Excerpt from All Through The Night by Mary Higgins Clark, plus links to reviews, author biography & more

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All Through The Night

A Suspense Story

by Mary Higgins Clark

All Through The Night by Mary Higgins Clark X
All Through The Night by Mary Higgins Clark
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  • First Published:
    Oct 1998, 173 pages
    Paperback:
    Oct 1999, 206 pages

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As he turned west toward Columbus Avenue, the cold air quickly dried the perspiration that had covered his face and back. Once on the avenue, he knew he could disappear into the crowds of shoppers. But as he passed the rectory, the wall of an approaching police siren shattered the calm.

He could see two couples down the block, headed in the same direction he was going, but he didn't dare to start running to catch up with them. That would be a sure giveaway. Then he spotted the stroller on the rectory steps. In an instant he was carrying it down to the sidewalk. There appeared to be nothing in it but a couple of shopping bags. Shoving his backpack in the foot of the stroller, he walked quickly to catch up with the couples ahead of him. Once he was near them, he strolled sedately just behind.

The police car roared past the group and screeched to a halt in front of the church. At Columbus Avenue, Lenny quickened his steps, no longer worried about detection. On such a chilly night, all pedestrians were hurrying, anxious to reach their destinations. He would just blend in. There was no reason for anyone to pay attention to the average-sized, sharp-faced man in his early thirties, who was wearing a cap and a plain, dark jacket and pushing a cheap, well-worn stroller.

The street phone Sondra had planned to call from was in use. Wildly anxious with impatience and already heartsick about the baby she had abandoned, she tried to decide whether to interrupt the caller, a man wearing the uniform of a security guard. She could explain that it was an emergency.

I can't do that, she thought despairingly. Tomorrow, if there's a story in the newspapers about the baby, he might remember me and talk to the police. Dismayed, she shoved her hands in her pockets, groping for the coins she needed and the paper on which she'd written the phone number of the rectory, unnecessary because she knew it by heart.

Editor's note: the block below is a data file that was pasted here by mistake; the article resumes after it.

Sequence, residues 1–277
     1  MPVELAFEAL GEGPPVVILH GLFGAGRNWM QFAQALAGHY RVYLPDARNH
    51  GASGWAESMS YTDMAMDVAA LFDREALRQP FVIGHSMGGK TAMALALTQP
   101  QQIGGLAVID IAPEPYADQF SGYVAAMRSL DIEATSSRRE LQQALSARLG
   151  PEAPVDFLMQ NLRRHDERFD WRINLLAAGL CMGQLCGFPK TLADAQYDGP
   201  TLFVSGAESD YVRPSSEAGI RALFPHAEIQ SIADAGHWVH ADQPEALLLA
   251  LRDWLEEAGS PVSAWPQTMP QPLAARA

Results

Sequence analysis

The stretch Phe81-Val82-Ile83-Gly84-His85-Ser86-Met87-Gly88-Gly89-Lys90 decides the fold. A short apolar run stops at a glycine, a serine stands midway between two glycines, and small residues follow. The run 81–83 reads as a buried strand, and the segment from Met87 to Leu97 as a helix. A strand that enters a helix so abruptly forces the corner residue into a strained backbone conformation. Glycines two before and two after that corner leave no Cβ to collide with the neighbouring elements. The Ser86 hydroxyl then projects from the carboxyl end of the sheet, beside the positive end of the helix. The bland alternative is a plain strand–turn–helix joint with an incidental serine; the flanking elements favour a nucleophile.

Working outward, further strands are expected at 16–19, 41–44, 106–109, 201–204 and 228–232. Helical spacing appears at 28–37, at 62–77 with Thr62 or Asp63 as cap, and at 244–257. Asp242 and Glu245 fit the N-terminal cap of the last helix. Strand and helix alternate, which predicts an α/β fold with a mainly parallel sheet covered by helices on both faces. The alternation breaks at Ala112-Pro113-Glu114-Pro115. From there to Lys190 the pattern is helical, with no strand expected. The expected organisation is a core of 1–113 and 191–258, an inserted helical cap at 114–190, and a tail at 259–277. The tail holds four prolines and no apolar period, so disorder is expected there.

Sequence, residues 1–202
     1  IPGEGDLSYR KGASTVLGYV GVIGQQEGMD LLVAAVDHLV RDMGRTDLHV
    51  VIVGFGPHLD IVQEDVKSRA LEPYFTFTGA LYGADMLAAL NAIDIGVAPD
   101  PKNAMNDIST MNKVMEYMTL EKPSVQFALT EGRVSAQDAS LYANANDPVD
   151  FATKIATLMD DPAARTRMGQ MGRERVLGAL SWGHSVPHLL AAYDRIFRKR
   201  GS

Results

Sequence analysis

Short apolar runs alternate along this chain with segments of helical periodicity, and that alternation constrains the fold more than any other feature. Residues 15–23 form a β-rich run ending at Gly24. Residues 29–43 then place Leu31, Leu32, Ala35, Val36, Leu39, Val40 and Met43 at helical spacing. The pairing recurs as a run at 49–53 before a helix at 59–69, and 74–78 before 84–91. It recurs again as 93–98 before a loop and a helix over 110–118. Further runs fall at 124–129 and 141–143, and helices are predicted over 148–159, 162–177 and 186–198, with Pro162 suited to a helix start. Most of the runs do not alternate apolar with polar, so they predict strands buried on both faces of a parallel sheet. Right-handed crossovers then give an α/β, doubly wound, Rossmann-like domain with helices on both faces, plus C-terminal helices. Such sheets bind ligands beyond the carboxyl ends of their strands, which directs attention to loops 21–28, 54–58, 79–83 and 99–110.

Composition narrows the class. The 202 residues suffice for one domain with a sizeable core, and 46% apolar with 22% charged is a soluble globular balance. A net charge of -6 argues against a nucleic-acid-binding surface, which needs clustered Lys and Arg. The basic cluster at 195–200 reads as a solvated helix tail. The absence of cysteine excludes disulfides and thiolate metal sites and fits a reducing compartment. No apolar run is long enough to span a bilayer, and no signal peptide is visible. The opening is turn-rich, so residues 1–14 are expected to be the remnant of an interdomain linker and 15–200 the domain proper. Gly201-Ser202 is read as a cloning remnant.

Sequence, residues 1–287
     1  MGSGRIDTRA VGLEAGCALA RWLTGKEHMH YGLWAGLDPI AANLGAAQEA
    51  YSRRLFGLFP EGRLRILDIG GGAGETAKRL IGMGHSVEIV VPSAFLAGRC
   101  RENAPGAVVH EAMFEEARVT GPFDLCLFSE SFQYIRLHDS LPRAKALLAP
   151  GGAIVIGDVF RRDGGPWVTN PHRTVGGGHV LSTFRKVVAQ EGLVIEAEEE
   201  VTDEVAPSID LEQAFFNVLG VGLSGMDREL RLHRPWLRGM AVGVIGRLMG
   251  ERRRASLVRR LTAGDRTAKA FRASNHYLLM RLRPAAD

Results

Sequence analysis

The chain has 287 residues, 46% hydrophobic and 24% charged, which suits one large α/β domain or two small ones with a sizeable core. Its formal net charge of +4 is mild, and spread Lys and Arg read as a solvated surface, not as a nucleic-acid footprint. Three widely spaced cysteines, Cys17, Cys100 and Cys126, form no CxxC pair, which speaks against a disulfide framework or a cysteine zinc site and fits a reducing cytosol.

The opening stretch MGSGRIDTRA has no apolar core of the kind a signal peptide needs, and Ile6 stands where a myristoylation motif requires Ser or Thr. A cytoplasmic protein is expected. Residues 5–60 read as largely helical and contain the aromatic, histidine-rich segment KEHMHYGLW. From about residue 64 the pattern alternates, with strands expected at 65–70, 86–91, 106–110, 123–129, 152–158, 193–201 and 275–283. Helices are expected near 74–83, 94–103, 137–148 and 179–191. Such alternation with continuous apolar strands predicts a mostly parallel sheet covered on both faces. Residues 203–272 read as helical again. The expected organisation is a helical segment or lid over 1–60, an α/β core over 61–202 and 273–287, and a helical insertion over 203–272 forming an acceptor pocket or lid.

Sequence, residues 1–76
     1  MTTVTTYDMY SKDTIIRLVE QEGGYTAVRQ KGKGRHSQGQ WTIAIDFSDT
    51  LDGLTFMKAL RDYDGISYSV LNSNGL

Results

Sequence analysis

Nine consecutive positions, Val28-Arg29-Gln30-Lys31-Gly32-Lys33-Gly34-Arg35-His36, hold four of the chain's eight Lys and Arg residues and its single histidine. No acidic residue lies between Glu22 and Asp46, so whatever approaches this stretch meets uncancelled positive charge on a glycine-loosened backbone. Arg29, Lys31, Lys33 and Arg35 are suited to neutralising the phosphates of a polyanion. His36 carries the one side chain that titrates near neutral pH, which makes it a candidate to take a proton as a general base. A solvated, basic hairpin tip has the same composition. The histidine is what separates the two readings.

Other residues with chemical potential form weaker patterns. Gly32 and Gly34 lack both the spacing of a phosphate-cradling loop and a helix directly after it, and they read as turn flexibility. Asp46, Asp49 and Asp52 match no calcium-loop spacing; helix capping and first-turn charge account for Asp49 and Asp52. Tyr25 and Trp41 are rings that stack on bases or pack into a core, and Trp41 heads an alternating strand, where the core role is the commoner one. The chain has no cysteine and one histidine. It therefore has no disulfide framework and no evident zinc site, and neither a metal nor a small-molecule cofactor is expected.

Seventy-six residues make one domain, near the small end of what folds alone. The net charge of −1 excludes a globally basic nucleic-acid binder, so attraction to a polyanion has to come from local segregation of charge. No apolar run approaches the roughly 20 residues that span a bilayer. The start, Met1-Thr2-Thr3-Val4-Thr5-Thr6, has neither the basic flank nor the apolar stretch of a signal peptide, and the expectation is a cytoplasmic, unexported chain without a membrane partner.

It was December 3rd, and already Christmas lights and decorations glittered from the windows of the shops and restaurants along Columbus Avenue. A couple walking hand in hand passed Sondra, their faces radiant as they smiled at each other. The girl appeared to be about eighteen, her own age, Sondra thought, although she felt infinitely older -- and infinitely removed from the air of careless joy this couple displayed.

It was getting colder. Was the baby wrapped warmly enough? she worried. For an instant she shut her eyes. O, God, please make this man get off the phone, she prayed, I need to make this call now.

An instant later she heard the click of the receiver being replaced. Sondra waited until the caller was a few paces away before she grabbed the receiver, dropped in the coins and dialed.

"St. Clement's rectory." The voice was that of an elderly man. It had to be the old priest she had seen at Mass.

"Please, may I speak to Monsignor Ferris, right away."

"I'm Father Dailey. Perhaps I can help you. Monsignor is outside with the police. We have an emergency."

Quietly, Sondra broke the connection. They had found the baby already. She was safe now, and Monsignor Ferris would see that she was placed in a good home.

An hour later Sondra was on the bus to Birmingham, Alabama, where she was a student in the music department of the university, a violin student whose astonishing talent had already marked her for future stardom on the concert stage.

It was not until he was in the apartment of his elderly aunt that Lenny heard the faint mewling of the infant.

Startled, he looked into the stroller. He saw the shopping bag begin to move and quickly tore it open; he stared in shock at the tiny occupant. Unbelieving, he unpinned the note from the blanket, read it and mouthed an expletive.

Copyright © 1998 by Mary Higgins Clark

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